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Bridenstine Says Russia On Track To Fly To ISS In December

Remarks Come At National Space Council Meeting

NASA Administrator Jim Bridenstine (pictured) said Russia appears to be "on track" to resume manned space flights to ISS in December following the October 11 emergency launch abort.

Spaceflight Now reports that during a meeting of the National Space Council on Tuesday, Bridenstine said that the Russians are "not happy" about the incident, but thankful that the U.S. astronaut and Russian cosmonaut both returned safely to Earth. “They want to be on the International Space Station, and they cannot wait to go again. So we’re grateful for their enthusiasm. NASA is regrouping, we’re replanning and we’re getting ready to go again,” Bridenstine said.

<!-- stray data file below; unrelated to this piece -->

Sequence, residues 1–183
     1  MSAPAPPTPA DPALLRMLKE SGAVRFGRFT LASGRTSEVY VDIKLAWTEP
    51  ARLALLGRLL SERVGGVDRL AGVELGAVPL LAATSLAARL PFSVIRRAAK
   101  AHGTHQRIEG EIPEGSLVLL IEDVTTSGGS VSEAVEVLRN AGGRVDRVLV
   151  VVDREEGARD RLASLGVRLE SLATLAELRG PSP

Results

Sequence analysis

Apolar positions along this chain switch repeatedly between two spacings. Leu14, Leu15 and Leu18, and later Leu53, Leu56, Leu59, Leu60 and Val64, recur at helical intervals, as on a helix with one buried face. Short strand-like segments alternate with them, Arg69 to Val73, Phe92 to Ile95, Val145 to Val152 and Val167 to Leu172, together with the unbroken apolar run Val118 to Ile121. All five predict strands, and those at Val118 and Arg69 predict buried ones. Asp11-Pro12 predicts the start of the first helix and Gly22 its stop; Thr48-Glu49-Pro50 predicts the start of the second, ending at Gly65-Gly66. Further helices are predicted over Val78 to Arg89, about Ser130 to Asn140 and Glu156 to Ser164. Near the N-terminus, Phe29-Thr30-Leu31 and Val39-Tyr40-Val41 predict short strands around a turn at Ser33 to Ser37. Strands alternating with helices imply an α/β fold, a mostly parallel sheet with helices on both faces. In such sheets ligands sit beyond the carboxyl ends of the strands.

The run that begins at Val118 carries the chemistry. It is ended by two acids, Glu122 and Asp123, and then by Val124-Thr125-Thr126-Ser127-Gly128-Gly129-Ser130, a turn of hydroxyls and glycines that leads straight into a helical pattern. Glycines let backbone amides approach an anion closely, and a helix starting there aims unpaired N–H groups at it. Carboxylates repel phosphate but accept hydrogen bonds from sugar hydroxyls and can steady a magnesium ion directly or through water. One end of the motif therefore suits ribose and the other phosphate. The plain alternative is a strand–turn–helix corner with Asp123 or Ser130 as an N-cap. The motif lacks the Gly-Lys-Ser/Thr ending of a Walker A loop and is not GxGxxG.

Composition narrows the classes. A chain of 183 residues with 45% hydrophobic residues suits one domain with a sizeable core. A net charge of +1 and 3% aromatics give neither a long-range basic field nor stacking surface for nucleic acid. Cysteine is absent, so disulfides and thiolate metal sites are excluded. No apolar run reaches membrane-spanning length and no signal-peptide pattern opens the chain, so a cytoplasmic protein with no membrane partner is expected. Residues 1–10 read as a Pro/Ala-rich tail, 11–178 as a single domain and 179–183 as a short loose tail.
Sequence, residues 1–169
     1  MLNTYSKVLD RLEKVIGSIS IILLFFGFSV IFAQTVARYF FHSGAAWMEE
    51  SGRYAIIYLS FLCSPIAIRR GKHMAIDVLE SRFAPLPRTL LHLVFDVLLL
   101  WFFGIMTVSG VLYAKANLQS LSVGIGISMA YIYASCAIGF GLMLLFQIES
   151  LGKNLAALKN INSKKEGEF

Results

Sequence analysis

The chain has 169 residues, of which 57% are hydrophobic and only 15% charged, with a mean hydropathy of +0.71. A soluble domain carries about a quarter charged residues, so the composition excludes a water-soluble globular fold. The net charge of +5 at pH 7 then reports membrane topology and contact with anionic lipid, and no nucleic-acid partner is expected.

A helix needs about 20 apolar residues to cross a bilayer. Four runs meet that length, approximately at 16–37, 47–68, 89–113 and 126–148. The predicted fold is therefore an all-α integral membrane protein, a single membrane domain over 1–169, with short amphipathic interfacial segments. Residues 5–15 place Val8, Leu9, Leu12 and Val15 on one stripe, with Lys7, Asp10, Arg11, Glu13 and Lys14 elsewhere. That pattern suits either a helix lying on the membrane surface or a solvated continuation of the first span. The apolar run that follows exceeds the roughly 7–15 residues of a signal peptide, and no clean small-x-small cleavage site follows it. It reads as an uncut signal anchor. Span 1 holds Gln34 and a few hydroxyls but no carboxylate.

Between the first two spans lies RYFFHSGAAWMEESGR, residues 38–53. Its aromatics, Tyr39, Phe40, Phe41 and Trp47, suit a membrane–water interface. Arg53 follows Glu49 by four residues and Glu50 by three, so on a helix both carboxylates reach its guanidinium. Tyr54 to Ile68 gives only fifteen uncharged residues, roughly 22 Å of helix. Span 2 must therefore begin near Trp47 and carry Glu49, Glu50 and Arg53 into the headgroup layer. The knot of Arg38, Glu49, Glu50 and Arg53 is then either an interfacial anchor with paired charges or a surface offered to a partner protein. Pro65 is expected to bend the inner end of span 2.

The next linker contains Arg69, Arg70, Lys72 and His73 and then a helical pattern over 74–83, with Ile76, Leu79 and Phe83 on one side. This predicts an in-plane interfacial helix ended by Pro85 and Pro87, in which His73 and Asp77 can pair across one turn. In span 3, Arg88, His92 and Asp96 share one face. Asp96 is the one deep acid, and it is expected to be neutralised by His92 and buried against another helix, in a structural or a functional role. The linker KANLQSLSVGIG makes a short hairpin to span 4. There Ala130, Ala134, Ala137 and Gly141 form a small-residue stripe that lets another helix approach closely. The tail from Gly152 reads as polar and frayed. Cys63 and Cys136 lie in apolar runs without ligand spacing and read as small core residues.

Soyuz MS-10 commander Alexey Ovchinin and NASA flight engineer Nick Hague were aboard the Soyuz spacecraft when one of the four strap-on boosters on the rocket apparently impacted the second stage core of the vehicle after separation about two minutes after launch. The automated safety system pulled the capsule away from the boosters, and the capsule landed about 250 miles from the launch site.

A Russian "state commission" is looking into the accident, but it is not clear when the Soyuz rockets will again be cleared for manned flights. Three of the rockets are scheduled for unmanned flights in the coming weeks, and if those flights go well, Russia could authorize a manned launch as early as December 3, Bridenstine said.

“It is important to note that while this was a failed launch, it was probably the single most successful failed launch we could have imagined,” the NASA administrator said.

(Image from file)

FMI: Source report

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